Then you have two main options:

• If there's already a hub that provides the community that you need, then you could move there
• You could try to build up the local community

There are a lot of advantages to the former. It can be quicker than trying to build up a community yourself and being in the hub will probably lead to you having more direct impact than you could have even if you managed to build up your local community quite a bit. So while either option could end up being more impactful, there's a lot of reasons why it might make sense for people who are willing to move to just focus on figuring out how to set themselves up in a hub as soon as possible.

However, there are some people who are just not going to move to a hub, because they're too rooted in their current location. My suspicion is that more of these people should be focusing on building up the community.

Since there are less opportunities outside of the hub, the opportunity cost is lower, but more importantly, someone who is planning to stay in the same location over the longer term is likely to capture more of the value from their own community-building efforts.

Obviously, this doesn't apply to everyone and there are definitely people who can have far more impact through direct work, even whilst outside of a hub, than through community building. I would just like to see more people who are planning to stay put pick up this option.

  1. ^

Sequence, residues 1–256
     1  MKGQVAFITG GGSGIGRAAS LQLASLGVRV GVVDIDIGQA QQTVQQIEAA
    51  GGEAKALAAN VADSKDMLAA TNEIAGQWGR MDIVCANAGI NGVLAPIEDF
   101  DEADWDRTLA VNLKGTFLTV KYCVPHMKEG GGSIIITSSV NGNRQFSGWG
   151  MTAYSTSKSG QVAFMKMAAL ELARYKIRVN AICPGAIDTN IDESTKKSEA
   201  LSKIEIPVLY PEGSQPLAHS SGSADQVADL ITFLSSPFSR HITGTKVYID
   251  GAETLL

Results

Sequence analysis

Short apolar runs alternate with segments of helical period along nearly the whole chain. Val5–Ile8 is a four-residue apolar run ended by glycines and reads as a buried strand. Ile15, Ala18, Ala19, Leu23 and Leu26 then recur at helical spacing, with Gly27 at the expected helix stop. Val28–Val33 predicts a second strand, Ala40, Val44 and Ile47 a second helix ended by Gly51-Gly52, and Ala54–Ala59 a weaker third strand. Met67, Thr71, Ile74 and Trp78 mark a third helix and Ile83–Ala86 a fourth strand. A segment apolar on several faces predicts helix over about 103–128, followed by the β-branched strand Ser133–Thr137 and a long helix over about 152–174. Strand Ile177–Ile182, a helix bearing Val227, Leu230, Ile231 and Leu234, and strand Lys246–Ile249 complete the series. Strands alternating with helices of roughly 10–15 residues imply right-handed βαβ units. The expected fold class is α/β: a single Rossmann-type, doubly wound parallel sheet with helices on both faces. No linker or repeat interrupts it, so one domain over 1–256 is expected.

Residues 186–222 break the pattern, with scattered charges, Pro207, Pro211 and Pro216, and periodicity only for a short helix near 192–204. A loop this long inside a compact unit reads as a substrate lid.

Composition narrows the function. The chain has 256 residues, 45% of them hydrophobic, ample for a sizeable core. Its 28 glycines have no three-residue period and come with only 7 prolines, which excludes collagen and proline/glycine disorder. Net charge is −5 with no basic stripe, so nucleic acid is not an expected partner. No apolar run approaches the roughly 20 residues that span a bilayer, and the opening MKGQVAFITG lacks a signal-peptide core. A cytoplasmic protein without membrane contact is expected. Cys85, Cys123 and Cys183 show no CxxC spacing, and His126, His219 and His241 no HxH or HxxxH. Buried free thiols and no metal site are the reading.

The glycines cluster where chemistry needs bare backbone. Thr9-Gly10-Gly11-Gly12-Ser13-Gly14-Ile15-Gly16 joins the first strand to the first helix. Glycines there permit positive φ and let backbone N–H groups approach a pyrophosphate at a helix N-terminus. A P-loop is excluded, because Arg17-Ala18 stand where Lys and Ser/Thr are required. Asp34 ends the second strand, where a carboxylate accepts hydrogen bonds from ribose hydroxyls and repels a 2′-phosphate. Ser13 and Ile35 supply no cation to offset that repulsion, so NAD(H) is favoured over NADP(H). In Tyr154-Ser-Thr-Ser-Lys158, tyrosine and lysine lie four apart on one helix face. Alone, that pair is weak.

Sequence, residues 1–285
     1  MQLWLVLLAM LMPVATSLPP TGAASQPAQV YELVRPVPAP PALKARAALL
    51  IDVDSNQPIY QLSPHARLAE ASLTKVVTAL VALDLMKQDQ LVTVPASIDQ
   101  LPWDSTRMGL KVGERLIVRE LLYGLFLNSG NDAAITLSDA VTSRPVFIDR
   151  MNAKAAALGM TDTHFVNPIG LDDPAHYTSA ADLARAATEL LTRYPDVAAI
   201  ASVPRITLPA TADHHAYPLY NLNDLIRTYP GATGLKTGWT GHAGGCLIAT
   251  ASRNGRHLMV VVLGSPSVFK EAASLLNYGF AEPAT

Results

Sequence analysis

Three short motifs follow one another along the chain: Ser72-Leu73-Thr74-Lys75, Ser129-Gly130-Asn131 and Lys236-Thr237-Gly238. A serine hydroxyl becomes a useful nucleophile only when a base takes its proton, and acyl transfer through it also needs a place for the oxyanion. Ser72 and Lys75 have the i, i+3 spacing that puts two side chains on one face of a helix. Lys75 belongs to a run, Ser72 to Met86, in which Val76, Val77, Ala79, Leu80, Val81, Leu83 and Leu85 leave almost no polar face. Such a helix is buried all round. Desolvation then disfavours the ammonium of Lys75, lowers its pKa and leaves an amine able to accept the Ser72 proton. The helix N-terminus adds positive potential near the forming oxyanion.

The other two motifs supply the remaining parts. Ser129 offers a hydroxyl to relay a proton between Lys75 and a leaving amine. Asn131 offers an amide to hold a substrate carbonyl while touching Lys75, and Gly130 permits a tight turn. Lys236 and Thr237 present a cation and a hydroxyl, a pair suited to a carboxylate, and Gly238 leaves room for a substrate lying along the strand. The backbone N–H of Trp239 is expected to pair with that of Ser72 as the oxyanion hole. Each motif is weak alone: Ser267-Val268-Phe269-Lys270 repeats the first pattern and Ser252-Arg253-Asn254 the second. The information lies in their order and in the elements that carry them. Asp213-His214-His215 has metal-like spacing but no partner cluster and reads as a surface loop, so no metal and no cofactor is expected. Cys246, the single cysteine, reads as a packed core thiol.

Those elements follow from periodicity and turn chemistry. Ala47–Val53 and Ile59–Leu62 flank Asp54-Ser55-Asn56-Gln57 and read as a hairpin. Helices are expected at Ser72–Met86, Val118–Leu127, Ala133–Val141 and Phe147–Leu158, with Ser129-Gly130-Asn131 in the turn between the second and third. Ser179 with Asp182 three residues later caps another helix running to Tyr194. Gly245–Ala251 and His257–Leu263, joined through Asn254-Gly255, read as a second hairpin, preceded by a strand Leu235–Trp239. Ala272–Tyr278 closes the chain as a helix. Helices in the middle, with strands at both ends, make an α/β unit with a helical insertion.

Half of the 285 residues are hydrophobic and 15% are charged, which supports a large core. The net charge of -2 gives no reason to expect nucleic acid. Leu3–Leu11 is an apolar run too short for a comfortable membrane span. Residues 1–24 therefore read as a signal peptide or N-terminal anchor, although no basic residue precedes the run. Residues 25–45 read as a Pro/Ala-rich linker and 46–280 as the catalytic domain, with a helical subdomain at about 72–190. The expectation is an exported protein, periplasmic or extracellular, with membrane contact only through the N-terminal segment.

Here I'm using community-building in a broad sense.

If we run any more anonymous surveys, we should encourage people to pause and consider whether they are contributing productively or just venting. I'd still be in favour of sharing all the responses, but I have enough faith in my fellow EAs to believe that some would take this to heart.

I think I posted in one of the threads that I have no knowledge of what private evidence Nonlinear may have, but I just realised that I actually do. I don't think it's a big enough deal for me to go back and try to track down the actual comments and edit them, but I thought it was good practise to note this on short form nonetheless.

One of the vague ideas spinning around in my head is that maybe in addition to EA which is a fairly open, loosely co-ordinated, big-tent movement with several different cause areas, there would also in value in a more selective, tightly co-ordinated, narrow movement focusing just on the long term future. Interestingly, this would be an accurate description of some EA orgs, with the key difference being that these orgs tend to rely on paid staff rather than volunteers. I don't have a solid idea of how this would work, but just thought I'd put this out there...

Oh, I would've sworn that was already the case (with the understanding that, as you say, there is less volunteering involved, because with the "inner" movement being smaller, more selective, and with tighter/more personal relationships, there is much less friction in the movement of money, either in the form of employment contracts or grants).

I suspect that it could be impactful to study say a masters of AI or computer science even if you don't really need it. University provides one of the best opportunities to meet and deeply connect with people in a particular field and I'd be surprised if you couldn't persuade at least a couple of people of the importance of AI safety without really trying. On the other hand, if you went in with the intention of networking as much as possible, I think you could have much more success.